Date: Wed, 08 Sep 2010 10:52:47 -0400 From: M'Lynn Hartwell

Reply-To: Jim Carruthers <>,,,,,,,,

Subject: Re: Per your meeting tonight

I was called this morning by Pastor Waldie of the Living Hope Church and asked to issue a retraction to my message, he claiming that my message was fallacious.

adj \fə-ˈlā-shəs\

Definition of FALLACIOUS
1  : : embodying a fallacy <a fallacious conclusion>

Examples of FALLACIOUS
   1. <it's fallacious to say that something must exist because science hasn't proven its nonexistence>
source: Merriam Webster Dictionary

The summary I sent to you in my previous message was the result of Google'ing, the following search terms in various combinations:

My email was not intended to be an exhaustive or in depth study, but encouragement to each of you to do your own research in pursuit of your individual conclusions in this matter. It would certainly be my pleasure to be wrong in part, or in whole, to the conclusions I wrote in my summary, but there is evidence to support what I wrote. When I have time I intend to do more research in the matter of COH and Assemblies of God (Living Hope Church).

Unfortunately, I was unable to talk at length with Pastor Waldie, because I am up against a deadline on a project I am working on. However, I did encourage Pastor Waldie to respond to my email to this esteemed group, in order to dispute any of the information I published. It is my hope that Living Hope Church does not entirely subscribe to the intentions of their association, the Assemblies of God. Pastor Waldie did feel that church should play a role in determining civil law.

He did go on to say that "this is not what we are trying to do here." (Here being Living Hope Church)

As always, I listen to what people say, but most importantly, I watch what they do.

Other  "facts" for you to consider.

The American Family Association is classified as a "Hate Group" by several organizations that track such things (i.e. Southern Poverty Law Center). Many of the speakers at last nights meeting are associated with the AFA.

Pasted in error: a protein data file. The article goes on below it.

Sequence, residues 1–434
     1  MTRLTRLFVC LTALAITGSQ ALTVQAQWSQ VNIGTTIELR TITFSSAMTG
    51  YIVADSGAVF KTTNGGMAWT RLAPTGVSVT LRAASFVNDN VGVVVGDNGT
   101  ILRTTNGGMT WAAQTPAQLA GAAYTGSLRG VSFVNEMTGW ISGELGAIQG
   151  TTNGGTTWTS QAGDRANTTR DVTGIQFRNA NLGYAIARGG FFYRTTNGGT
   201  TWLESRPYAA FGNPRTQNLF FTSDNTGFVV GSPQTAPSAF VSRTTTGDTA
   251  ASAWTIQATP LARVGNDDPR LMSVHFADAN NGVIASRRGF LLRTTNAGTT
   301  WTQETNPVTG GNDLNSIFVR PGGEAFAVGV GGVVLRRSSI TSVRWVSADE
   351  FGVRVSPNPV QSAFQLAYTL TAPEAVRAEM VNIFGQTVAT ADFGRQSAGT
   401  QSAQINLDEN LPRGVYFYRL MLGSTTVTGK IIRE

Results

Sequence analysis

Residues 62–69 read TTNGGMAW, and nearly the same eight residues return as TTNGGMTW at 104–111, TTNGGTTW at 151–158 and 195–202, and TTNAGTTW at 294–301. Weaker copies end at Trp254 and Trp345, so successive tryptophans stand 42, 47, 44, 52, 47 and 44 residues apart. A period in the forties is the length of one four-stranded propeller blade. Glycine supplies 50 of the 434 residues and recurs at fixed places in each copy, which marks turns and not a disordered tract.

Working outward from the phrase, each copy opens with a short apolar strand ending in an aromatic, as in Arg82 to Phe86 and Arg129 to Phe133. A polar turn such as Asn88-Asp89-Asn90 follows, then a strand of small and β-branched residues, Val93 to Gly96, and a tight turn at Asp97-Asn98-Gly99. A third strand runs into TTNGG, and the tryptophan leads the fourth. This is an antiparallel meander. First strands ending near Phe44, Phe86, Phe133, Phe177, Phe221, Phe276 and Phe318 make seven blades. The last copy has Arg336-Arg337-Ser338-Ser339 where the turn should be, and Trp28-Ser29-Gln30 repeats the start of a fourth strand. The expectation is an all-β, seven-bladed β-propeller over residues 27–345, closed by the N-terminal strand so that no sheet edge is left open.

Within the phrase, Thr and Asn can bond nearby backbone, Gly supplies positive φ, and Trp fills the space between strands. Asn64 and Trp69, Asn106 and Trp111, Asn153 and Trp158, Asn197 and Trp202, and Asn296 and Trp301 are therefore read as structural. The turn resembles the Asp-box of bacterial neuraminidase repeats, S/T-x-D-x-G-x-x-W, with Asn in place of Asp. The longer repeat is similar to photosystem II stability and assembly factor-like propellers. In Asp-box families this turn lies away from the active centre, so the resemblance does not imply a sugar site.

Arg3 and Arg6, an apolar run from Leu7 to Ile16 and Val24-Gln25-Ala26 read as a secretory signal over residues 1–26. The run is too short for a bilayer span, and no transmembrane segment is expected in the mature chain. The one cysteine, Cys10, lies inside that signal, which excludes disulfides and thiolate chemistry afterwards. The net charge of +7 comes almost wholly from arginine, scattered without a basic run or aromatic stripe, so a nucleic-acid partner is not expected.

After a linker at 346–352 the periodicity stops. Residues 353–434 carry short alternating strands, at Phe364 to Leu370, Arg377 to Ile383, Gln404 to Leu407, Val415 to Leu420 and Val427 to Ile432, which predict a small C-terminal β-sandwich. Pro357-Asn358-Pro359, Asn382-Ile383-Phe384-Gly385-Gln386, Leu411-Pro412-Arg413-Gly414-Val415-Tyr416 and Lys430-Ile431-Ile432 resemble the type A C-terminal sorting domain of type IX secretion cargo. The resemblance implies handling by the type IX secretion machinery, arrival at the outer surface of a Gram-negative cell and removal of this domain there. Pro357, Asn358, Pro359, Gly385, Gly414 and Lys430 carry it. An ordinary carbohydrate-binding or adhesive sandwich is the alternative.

Separation of Church and State

In these times it is critically important that we protect the wall separating church and state. The United States much never become a theocracy, but must preserve religious freedom and work for civil rights and justice for all. I urge each of you to follow the principals laid down by our founders or this great nation.

The separation of church and state is a legal and political principle derived from various documents of several of the Founders of the United States. The First Amendment to the United States Constitution  reads "Congress shall make no law respecting an establishment of religion, or prohibiting the free exercise thereof . . ." The modern concept is often credited to the writings of English philosopher John Locke, but the phrase "separation of church and state" is generally traced to an 1802 letter by Thomas Jefferson to the Danbury Baptists, where Jefferson spoke of the combined effect of the Establishment Clause and the Free Exercise Clause  of the First Amendment. His purpose in this letter was to assuage the fears of the Danbury, Connecticut Baptists, and so he told them that this wall had been erected to protect them. The metaphor was intended, as The U.S. Supreme Court has interpreted it, to mean that religion and government must stay separate for the benefit of both, including the idea that the government must not impose religion on Americans nor create any law requiring it.

In defense of our founding principals, I offer the following:

A Christian Nation: Mythbusting a Revisionist history popularly disseminated from pulpits today

One of the most common statements from the "Religious Right" is that they want this country to "return to the Christian principles on which it was founded".  However, a little research into American history will show that this statement is a lie. The men responsible for building the foundation of the United States had little use for Christianity, and many were strongly opposed to it. They were men of The Enlightenment, not men of Christianity. They were Deists who did not believe the bible was true.

When the Founders wrote the nation's Constitution, they specified that "no religious test shall ever be required as a qualification to any office or public trust under the United States." (Article 6, section 3)   This provision was radical in its day-- giving equal citizenship to believers and non-believers alike.  They wanted to ensure that no single religion could make the claim of being the official, national religion, such as England had.  Nowhere in the Constitution does it mention religion, except in exclusionary terms.  The words "Jesus Christ, Christianity, Bible, and God" are never mentioned in the Constitution-- not once.

The Declaration of Independence gives us important insight into the opinions of the Founding Fathers. Thomas Jefferson wrote that the power of the government is derived from the governed. Up until that time, it was claimed that kings ruled nations by the authority of God. The Declaration was a radical departure from the idea of divine authority.